Using a die to cut paper into predetermined shapes is among the oldest advertisement tricks of the trade and there are countless stunning examples.
Have you seen Rick Meyerowitz's National Lampoon drawings and "The Zap Show: A Cultural Revolution" at the Society of Illustrators? If not, there's still time!
A recent Wonder Woman cover by Neal Adams has drawn criticism for its steamy and perhaps less-than-empowering depiction of the protagonist. Michael Dooley and Arlen Schumer weigh in.
In an homage to National Parks and the WPA posters of the 1930s, designer JP Boneyard has created the Fifty-Nine Parks Poster Series.
Illustrators told a very controlled and idealistic story of Americana for Americans who believed in white-bread mythology.
Michael Dooley looks at illustrations and editorial design in Duke Magazine, the first "Playboy" for black Americans.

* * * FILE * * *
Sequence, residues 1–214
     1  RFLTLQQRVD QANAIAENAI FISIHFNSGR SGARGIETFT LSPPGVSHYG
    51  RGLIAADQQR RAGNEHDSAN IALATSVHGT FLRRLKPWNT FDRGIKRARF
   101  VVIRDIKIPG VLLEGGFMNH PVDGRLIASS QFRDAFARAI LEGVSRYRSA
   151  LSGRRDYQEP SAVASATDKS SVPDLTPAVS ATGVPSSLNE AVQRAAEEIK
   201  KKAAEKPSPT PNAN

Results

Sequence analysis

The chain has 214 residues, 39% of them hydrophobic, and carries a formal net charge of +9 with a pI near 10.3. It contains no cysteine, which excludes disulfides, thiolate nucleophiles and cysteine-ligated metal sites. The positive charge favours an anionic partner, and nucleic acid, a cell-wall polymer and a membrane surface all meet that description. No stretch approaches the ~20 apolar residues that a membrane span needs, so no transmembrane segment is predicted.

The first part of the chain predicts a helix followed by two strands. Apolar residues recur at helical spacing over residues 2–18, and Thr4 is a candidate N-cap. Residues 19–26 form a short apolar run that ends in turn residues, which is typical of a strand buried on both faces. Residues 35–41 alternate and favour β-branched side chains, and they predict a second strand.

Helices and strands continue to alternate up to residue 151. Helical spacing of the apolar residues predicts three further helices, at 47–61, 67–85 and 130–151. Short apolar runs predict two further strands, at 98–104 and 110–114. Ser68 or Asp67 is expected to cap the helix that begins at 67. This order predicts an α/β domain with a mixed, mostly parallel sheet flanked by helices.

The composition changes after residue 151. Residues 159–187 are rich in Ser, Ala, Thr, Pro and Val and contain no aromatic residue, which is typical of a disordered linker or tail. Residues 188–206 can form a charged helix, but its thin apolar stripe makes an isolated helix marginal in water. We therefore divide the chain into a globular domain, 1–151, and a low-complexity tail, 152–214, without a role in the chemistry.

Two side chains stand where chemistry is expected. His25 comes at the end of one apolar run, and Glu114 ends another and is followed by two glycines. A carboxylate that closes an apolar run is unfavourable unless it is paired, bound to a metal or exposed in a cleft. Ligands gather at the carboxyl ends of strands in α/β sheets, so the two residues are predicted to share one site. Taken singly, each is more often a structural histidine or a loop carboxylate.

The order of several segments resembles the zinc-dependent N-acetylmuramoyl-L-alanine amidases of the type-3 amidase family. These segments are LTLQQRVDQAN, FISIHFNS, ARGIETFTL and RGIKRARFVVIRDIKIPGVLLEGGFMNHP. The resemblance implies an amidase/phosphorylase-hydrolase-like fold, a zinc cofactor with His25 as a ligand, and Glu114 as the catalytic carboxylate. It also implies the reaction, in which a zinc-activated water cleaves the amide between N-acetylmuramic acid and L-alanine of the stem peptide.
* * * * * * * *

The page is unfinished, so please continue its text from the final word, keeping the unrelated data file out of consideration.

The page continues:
Print Regional Design Annual judge Timothy Goodman reflects on his inspirations and how he illustrated his way to the top.
During the early 20th century a surge in Late Baroque or Rococo mannerisms were the rage for graphic and advertising design.
Esther K. Smith, author of "How to Make Books," has a new book on the way: "Making Books With Kids."
Most freelance artists have bread-and-butter side jobs, but how many perform them on camera? Meet artist and illustrator Kevin Christy.